Zubroffka Review: Albert
At the 2014 Zubroffka Film Festival four young Polish journalists were mentored by film critic and journalist Michael Pattison in a workshop that helped them to explore the role of modern film criticism and journalism. Every day, the journalists met filmmakers, distributors and journalists as they learned how to make themselves stand out from the crowd and negotiate the complexities of a film festival. The following review is one of the results of this workshop.
The short film Albert, (Dir. Daniel Wawrzyniak, Poland, 2014) is a student production from The Polish National Film, Television and Theatre School. It's about a man, Albert, who works at a factory. He's an ordinary man who wants to find out something about himself. At the beginning of the film, we see Albert throwing an old-fashioned computer into water and picking it up. In the foreground there's a large industry field with lots of funnels and ashes. In the factory, workers clean something like twine or rather tape. They all have the same life. They work and take a rest. They have the same fate: to work. And they are nice to each other because of this shared routine. An important issue is that old sick people work there probably to the end of their lives. It is not shown in the film, but we see an old man who works nearby. Albert is carried out from the place of his labour.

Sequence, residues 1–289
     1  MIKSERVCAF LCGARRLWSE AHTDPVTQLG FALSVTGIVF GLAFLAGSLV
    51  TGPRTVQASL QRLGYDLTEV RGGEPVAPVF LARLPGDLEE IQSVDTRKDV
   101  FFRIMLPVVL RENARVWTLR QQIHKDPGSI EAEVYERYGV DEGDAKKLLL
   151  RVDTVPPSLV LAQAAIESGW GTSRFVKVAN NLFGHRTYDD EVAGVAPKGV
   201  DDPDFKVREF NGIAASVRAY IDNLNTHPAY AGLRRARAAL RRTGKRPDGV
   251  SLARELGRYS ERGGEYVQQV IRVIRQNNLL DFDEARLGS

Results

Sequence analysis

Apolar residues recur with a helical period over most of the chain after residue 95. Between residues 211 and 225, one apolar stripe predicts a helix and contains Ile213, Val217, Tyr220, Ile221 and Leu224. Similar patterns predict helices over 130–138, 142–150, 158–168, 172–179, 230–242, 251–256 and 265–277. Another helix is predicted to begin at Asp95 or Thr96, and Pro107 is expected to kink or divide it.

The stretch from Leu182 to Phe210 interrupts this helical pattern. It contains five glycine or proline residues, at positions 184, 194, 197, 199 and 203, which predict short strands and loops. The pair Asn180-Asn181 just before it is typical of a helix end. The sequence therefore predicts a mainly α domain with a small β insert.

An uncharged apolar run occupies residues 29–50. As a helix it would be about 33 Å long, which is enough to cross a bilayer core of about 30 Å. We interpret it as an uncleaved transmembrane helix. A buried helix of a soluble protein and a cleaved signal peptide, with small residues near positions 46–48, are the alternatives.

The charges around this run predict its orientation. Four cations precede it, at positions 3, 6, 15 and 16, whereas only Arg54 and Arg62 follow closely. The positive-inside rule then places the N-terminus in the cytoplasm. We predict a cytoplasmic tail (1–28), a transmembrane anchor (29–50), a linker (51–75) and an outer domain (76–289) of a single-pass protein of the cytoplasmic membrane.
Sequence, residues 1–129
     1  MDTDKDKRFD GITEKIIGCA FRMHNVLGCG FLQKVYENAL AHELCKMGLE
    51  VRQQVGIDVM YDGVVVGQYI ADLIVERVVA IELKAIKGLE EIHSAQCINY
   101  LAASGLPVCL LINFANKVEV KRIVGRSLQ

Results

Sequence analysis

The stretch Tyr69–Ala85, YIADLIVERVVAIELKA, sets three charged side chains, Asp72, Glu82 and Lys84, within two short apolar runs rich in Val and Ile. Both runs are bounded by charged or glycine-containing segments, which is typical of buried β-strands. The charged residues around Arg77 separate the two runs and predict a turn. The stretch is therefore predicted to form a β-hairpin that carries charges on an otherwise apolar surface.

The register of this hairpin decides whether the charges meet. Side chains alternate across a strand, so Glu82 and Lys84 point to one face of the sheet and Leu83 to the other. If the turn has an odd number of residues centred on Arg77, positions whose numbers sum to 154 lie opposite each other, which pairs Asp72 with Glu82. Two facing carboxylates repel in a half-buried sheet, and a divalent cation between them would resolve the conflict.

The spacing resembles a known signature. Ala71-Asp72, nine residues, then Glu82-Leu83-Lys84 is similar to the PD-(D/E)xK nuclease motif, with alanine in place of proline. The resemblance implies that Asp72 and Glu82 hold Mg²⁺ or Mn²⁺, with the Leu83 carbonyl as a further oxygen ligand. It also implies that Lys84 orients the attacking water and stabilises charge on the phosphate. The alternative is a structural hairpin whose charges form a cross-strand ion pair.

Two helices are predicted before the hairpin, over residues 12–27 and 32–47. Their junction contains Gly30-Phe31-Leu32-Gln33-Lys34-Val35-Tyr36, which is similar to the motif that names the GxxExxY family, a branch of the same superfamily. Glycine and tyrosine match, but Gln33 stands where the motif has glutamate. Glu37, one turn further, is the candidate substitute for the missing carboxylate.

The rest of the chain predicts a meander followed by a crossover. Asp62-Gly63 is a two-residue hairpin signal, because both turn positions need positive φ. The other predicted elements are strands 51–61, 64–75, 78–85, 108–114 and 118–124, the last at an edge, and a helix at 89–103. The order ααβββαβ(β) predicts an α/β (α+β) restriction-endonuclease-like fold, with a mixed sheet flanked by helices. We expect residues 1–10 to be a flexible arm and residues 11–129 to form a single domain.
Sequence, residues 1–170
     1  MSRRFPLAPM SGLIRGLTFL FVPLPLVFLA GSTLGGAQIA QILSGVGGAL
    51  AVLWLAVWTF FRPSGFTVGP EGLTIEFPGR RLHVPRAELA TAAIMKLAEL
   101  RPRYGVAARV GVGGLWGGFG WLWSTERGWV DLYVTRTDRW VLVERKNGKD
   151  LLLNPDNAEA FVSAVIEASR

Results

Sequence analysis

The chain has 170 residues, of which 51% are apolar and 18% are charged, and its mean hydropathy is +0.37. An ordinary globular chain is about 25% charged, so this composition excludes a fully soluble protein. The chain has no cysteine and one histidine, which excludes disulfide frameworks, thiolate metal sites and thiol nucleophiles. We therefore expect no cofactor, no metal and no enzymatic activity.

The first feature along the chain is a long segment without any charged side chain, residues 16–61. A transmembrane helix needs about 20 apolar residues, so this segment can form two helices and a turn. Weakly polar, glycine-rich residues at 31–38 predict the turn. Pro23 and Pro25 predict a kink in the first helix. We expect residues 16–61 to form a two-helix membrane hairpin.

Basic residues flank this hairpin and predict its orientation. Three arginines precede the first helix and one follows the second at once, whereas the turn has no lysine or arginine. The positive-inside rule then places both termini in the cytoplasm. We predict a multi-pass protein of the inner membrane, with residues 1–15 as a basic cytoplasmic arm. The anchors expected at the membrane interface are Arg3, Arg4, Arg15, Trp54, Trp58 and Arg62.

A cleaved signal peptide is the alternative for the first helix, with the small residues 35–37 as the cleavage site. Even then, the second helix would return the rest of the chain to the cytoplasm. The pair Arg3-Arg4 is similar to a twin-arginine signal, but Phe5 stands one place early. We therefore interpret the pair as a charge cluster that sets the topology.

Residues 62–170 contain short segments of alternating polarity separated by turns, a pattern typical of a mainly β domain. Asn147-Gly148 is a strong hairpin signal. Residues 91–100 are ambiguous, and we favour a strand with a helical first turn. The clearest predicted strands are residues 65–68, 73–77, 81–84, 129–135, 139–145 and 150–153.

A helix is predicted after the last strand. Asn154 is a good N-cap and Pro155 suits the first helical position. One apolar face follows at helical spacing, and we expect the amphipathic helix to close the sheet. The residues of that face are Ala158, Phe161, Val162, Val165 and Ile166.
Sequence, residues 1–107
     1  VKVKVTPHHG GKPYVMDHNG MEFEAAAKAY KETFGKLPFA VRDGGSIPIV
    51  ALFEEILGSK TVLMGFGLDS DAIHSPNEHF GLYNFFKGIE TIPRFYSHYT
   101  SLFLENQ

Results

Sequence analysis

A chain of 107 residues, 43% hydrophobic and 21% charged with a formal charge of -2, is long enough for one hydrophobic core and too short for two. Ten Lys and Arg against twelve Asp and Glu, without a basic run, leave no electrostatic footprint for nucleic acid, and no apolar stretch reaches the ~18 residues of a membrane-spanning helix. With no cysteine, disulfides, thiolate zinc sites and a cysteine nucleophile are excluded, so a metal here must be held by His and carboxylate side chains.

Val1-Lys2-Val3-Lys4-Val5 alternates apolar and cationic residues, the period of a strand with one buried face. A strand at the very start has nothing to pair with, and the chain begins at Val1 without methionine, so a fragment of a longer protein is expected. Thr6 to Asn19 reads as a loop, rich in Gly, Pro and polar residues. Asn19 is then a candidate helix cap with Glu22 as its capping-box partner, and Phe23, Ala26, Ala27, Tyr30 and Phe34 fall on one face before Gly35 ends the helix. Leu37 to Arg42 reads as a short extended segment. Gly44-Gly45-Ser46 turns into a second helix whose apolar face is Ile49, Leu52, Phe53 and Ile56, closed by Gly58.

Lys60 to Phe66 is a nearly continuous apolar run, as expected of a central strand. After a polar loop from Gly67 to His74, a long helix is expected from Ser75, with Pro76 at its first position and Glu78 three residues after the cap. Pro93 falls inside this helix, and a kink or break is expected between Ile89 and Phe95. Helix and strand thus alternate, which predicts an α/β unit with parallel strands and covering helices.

Break times at work are the weirdest thing in the movie. A woman's voice says: “Albert, meal time comes.” And then he has to go to eat something, what looks like sawdust or insipid chicken for kids. When he goes home, he has to go through the highway in his strange boots, which are designed to walk on thick layers of ashes. The female voice follows in the wake of his life. “Albert, this is your time to relax.” Then he tries to imagine a woman. He may remind her and all of the things he liked before. One day Albert can't take it any more. He breaks all of the surveillance cameras in the workplace. The system alert turns on, but the voice remains calm: “Albert, this is your time to relax.” The repetition is frustrating. Then he escapes from the factory and climbs the birch-tree he sees behind the guarding screen.
The film echoes Total Recall, where the most anxious thing is a closed reality. Everybody there has to do things what other people says to them. In some ways Albert is not the most important character: more significant is the place where he lives and works. All of the people are trapped in this vacuum, where they have to behave in the same way. Everything is recorded and anyone who doesn't behave properly is eliminated. Albert is a fiction with true elements. The human mind really needs a boost to work better and to feel better.
By Karolina Odachowska
21 January 2015, by Cineuropa Shorts